Busy Student, Big Title
This May Jonathan Jayes-Green will walk across the stage with Goucher’s Class of 2014. As soon as he comes back from studying abroad in the Galápagos, he’ll officially start as the administrative director of Maryland Governor Martin J. O’Malley’s commissions on both Hispanic and Caribbean affairs.
It may sound like a big step, but Jonathan actually has already been on the job in a contract capacity since March.
Most recently Jonathan advocated for the Maryland Dream Act, a law signed by Governor Martin O’Malley and overwhelmingly supported by voters in 2012. The law allows Maryland’s undocumented youth, such as Jonathan, who met certain requirements to pay in-state tuition in the state’s public colleges and universities. During the same election he also pounded the pavement with Equality Maryland to press—successfully—for the legalization of same-sex marriage and the Dream act jointly under a first-of-its kind partnership that highlighted the commonality of both issues.
Jonathan said his primary goals will be doing the legwork for the commissions as they advise the Governor on issues that affect the Hispanic and Caribbean populations in the state. The Hispanic and Caribbean Commissions are housed under the Governor’s Office of Community Initiatives located in Baltimore City. “I’m excited to have the opportunity to work for Governor O’Malley who has been a true partner of the rapidly growing immigrant community in the state.” he said. “It’s an honor to work to for the betterment of these communities and our wonderful state as a whole.”
Jonathan is a Panama native who moved with his family to Silver Spring, MD, when he was 13. His community participation started in high school when he became involved in Montgomery County Councilmember Nancy Navarro’s campaign as the director of volunteers. When she won, he became her intern as a high school senior.
Later, when it came time to choose a college, Jonathan focused on schools he could afford—pre-Dream Act. He spent his first two years at Montgomery College. As he began looking for transfer schools, one of his best friends and Goucher grad, Wilmer Gutierrez ’09, who loved his Goucher experience, brought Jonathan on a campus tour, where he was able to speak with representatives from admissions and financial aid. Jonathan says he was attracted to the education Goucher offers and their inclusiveness: “I’m really grateful to have found Goucher; the college was one of the very few places that was willing to look at my potential as a student and offer me admission regardless of my [undocumented] status.”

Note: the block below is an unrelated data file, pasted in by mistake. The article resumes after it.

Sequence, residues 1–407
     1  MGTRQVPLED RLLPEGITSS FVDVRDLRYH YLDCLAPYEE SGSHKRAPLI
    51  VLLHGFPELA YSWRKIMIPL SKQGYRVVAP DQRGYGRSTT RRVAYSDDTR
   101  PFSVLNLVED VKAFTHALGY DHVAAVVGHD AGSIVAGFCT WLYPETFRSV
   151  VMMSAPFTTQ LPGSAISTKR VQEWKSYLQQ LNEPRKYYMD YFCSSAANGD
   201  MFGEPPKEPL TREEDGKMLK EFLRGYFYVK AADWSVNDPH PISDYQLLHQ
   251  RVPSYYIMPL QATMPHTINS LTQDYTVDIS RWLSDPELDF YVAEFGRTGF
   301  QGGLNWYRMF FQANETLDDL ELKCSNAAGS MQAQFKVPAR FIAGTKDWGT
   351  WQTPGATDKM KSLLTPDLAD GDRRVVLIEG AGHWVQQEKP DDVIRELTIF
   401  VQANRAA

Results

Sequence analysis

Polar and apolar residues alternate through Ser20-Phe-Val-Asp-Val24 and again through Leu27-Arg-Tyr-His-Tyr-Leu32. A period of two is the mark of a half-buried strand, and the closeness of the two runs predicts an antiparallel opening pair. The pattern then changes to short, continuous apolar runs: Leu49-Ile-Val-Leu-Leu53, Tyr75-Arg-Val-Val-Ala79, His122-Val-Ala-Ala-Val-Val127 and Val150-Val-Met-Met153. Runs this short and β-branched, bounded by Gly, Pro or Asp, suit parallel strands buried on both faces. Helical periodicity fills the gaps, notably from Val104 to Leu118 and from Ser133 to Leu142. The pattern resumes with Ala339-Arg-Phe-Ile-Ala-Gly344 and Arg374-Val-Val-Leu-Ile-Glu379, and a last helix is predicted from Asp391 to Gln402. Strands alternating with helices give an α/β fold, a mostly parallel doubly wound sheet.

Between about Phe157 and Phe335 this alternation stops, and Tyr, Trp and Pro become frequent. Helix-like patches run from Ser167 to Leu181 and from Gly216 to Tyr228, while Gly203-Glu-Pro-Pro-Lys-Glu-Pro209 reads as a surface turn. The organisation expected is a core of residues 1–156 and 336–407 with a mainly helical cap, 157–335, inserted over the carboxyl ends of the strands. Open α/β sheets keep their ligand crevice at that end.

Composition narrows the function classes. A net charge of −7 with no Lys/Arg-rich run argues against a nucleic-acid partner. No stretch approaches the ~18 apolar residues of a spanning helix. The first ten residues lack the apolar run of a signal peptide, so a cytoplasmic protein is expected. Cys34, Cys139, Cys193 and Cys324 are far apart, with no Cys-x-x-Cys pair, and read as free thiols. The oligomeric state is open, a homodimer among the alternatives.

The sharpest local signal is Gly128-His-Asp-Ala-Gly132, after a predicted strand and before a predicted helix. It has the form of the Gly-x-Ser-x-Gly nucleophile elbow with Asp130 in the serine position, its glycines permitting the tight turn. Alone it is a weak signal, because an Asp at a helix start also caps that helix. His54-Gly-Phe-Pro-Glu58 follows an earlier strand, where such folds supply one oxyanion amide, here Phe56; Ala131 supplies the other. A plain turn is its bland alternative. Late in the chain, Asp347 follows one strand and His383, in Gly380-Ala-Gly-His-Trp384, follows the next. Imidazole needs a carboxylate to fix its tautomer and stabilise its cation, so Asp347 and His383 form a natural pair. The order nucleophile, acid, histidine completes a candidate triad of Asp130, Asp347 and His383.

Though he is interested in politics, Jonathan decided not to major in political science here at Goucher. He says he had already fallen in love with sociology while taking a class during his sophomore year. Once he transferred to Goucher, his choice in the major was really solidified by taking several sociology courses here and a couple of political science courses in between. “I think the best way to describe where I fall is at the intersection of sociology and political science. In other words, how public policies affect different communities” he said. And he’s looking forward to continuing these efforts through his job in the governor’s office.
Mileah Kromer, director of Goucher’s Sarah T. Hughes Field Politics Center, has taught Jonathan and said he often incorporates his professional experience to inform class discussion. “Jonathan is the quintessential Goucher student—he is passionate, engaged, and inquisitive,” she said.
Even though immersed in off-campus activities, Jonathan still has found ways to be an important part of the campus community, such as through his past participation in Goucher’s chapter of the Roosevelt Institute Campus Network, a group designed to encourage progressive student leaders, and through the Futuro Latino Learning Center, which provides educational opportunities to the Latino community of Baltimore County.
“Jonathan’s commitment to building a better Maryland always stands out in my mind,” Kromer said. “He is a constant source of information and inspiration in discussing all things Maryland politics. He knows better than most other young people that big dreams are built on the little details—he always takes the time to learn the ins and outs of all policy-related issues.”
Jonathan wakes up every morning to a Maryland flag on his bedroom wall. He says he is excited to continue the work he’s been doing for citizens of the state. “I’m looking forward to having an even greater role in this state I call home,” he said. “This is a great opportunity and I’m truly honored to have it.”